MOSCOW (Reuters) - Russia’s lower house of parliament gave preliminary approval on Friday to a law that would brand many rights and campaign groups “foreign agents”, a move opponents say is an attempt to stifle protests against Vladimir Putin.
The law, presented by the president’s United Russia party for the first of three readings, would tighten controls on non-governmental organizations that receive foreign funding by forcing them to submit reports on their activity twice a year.
Critics say the law, approved by 323-4 in the 450-seat chamber, is part of a crackdown on civil liberties and the opposition movement that has been protesting against Putin’s return to the presidency for a new six-year term.
Although the Kremlin denies planning any crackdown, NGOs are also worried because the term “foreign agents” has a hostile ring to it reminiscent of the Cold War.
“This is an odious, repressive bill that seeks to halt the wave of public protests,” said Boris Nemtsov, an opposition leader and one of the organizers of the protest wave that began last December after alleged fraud in a parliamentary election.
The draft law could put at risk the work of organizations such as Amnesty International, which campaigns for human rights, and Transparency International, a corruption watchdog, he added.
It follows rapid passage of a law increasing fines for protesters as well as raids on the homes of protest organizers in the wake of Putin’s return to the Kremlin on May 7.
The law on NGOs requires three readings in the Duma and one in the upper house. Under it, any NGO that receives foreign funding and refuses to register as a “foreign agent” and comply with the new law could face suspension for up to six months without a court order.
“The law contradicts the Russian Federation’s constitution, which calls for political diversity and ensures every citizen has the right to participate in managing state affairs,” said Mikhail Fedotov, head of Putin’s advisory human rights council.
“GUARANTEE OF OPENNESS”
But United Russia, which has a simple majority in the Duma, said the law was needed to guarantee openness about NGOs.
“The bill does not ban foreign financing, it only calls for honesty. As one says one’s name when introducing oneself to others, NGOs should in the same way be saying who they are when they introduce themselves,” United Russia deputy Irina Yarovaya, who co-authored the bill, told the Duma.
In other developments that worried the opposition on Friday, Communist lawmaker Vladimir Bessonov was stripped of his parliamentary immunity and may face prosecution for allegedly beating a policeman at a rally last December.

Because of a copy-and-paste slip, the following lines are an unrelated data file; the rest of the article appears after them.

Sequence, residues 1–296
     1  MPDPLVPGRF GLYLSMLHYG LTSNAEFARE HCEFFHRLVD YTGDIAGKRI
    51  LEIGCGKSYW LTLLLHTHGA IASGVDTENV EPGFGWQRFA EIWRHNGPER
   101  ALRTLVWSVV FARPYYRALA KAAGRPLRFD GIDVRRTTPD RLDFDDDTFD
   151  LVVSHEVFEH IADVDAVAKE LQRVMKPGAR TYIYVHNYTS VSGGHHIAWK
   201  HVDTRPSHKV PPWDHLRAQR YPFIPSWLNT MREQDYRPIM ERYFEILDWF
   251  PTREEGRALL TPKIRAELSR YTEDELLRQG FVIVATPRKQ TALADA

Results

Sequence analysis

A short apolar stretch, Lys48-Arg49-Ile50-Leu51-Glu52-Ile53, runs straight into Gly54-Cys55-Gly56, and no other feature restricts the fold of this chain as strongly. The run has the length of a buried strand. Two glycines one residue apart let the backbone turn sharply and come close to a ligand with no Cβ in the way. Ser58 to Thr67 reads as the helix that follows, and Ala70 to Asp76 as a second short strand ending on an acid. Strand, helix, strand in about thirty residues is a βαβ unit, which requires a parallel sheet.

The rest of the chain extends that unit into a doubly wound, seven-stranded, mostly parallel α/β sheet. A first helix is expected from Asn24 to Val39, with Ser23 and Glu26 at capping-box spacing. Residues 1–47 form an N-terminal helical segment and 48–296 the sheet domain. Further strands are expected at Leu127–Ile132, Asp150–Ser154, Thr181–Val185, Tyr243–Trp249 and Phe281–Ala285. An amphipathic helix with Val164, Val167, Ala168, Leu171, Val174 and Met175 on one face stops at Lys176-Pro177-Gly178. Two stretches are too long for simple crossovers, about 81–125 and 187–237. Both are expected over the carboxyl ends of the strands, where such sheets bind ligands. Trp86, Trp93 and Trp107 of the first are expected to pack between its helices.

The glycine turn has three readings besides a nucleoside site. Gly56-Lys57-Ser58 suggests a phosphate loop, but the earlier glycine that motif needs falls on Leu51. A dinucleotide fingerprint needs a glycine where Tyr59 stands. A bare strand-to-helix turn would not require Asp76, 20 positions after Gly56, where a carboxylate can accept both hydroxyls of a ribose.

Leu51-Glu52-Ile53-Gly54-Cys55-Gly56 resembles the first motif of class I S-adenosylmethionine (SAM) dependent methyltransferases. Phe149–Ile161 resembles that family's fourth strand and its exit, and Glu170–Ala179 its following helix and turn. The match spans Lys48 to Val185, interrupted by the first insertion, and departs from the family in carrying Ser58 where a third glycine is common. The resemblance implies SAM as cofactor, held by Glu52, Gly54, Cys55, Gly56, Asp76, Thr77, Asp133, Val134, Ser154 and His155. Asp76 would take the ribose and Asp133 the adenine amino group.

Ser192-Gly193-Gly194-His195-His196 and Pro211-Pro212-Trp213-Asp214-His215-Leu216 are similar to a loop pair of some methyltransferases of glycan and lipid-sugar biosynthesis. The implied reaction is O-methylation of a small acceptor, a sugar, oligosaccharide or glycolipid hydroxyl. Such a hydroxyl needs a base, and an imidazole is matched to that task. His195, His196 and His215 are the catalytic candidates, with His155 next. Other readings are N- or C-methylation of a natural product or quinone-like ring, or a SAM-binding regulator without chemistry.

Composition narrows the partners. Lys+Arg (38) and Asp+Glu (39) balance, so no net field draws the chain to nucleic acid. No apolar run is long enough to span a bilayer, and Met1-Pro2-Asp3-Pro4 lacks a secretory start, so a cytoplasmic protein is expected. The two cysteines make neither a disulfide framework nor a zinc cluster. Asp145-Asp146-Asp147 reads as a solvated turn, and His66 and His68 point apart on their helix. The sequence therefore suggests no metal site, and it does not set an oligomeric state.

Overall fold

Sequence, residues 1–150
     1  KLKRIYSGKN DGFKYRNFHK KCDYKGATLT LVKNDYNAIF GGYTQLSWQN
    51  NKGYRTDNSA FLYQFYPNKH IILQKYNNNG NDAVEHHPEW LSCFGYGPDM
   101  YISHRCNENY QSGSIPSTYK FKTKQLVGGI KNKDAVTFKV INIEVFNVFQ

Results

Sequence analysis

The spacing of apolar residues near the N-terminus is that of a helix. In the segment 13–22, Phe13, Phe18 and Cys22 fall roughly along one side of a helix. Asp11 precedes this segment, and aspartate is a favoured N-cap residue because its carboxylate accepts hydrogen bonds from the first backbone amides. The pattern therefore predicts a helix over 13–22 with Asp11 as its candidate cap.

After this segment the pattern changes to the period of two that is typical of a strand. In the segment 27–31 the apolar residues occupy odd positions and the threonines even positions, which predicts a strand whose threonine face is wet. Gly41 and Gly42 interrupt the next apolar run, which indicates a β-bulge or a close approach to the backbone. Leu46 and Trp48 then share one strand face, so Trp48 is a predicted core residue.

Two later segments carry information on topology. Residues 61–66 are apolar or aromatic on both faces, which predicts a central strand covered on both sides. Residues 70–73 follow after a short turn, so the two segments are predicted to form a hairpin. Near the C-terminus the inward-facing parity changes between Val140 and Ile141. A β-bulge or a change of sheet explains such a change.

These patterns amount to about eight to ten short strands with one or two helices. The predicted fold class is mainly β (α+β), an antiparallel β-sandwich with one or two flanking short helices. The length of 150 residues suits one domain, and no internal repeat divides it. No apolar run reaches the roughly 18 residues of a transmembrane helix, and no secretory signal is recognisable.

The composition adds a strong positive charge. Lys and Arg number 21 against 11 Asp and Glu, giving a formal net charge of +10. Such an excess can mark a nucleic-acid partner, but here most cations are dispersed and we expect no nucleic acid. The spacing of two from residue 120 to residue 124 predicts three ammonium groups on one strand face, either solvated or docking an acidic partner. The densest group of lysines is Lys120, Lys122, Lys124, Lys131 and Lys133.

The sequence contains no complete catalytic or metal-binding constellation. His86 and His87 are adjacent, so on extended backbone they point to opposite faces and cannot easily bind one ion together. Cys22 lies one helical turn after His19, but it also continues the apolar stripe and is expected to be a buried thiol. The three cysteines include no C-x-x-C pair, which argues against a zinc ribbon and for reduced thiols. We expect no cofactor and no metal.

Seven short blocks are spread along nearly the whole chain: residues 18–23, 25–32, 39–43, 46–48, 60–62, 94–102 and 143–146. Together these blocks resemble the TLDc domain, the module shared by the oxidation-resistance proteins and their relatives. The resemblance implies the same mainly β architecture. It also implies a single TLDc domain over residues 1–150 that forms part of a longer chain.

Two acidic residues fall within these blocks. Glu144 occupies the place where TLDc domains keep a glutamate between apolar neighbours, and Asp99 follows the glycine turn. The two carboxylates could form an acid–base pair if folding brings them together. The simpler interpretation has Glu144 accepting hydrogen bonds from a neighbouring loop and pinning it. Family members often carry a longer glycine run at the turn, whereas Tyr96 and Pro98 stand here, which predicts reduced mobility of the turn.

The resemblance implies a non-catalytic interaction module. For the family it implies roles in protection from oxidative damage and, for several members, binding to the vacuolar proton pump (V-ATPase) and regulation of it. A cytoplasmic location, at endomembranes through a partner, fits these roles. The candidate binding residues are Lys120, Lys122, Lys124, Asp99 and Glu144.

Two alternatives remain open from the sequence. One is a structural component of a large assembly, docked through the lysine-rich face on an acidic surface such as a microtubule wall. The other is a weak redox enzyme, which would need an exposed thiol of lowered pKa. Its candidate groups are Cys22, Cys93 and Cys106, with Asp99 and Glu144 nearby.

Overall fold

Opposition deputies said they feared the move, proposed by United Russia, set a precedent which might pave the way for them to be prosecuted if they are arrested at rallies.
United Russia also proposed restoring prison sentences for libel. If approved, this could allow Alexei Navalny, one of the opposition leaders, to be prosecuted if he repeats his slogan describing the party as “crooks and thieves.”
“It is hard to escape the feeling that all this is a response to growing criticism of the authorities, including by Mr Navalny,” said political scientist Dmitry Oreshkin.
GOLOS, an organization that receives foreign funding and compiled allegations of fraud in the parliamentary election, said it believed it was the target of the draft law on NGOs.
“Honestly, I have no doubt that this is primarily aimed against GOLOS,” said Grigory Melkanyants, the organization’s deputy director.
Golos plans to open an account to collect donations from Russians in the hope it can end its need to seek grants abroad - mainly from the United States and Europe.
The NGO law is likely to be rammed quickly through the State Duma and the Federation Council upper house, underlining its importance to Putin as he tries to stifle the biggest protests against his rule since he first rose to power in 2000.
“It won’t even take a month,” said Tamara Morshchanova, another member of the Kremlin human rights council, whose recommendations have made little impact on Putin.
The ruling party says the draft law matches similar legislation in the West and is not part of a broader crackdown.
Putin has now been in power for 12 years as prime minister or president, and could rule the world’s largest country for the next 12 years if he is re-elected in 2018.
He accused Western governments last year of trying to influence the December election by funding NGOs in Russia, and GOLOS came under fire last year in a program shown by a pro-Kremlin television channel that alleged it supported opposition parties. GOLOS has denied this.
Putin, a former KGB spy, has also called NGOs “jackals” who count on foreign support.
Civil rights activists have said they will ask the U.S. Congress to add the authors of the bill to a list of Russian officials under threat of receiving visa bans for their alleged involvement in the death of Sergei Magnitsky, a lawyer who died in police custody in 2009.
Writing by Timothy Heritage, Editing by Andrew Osborn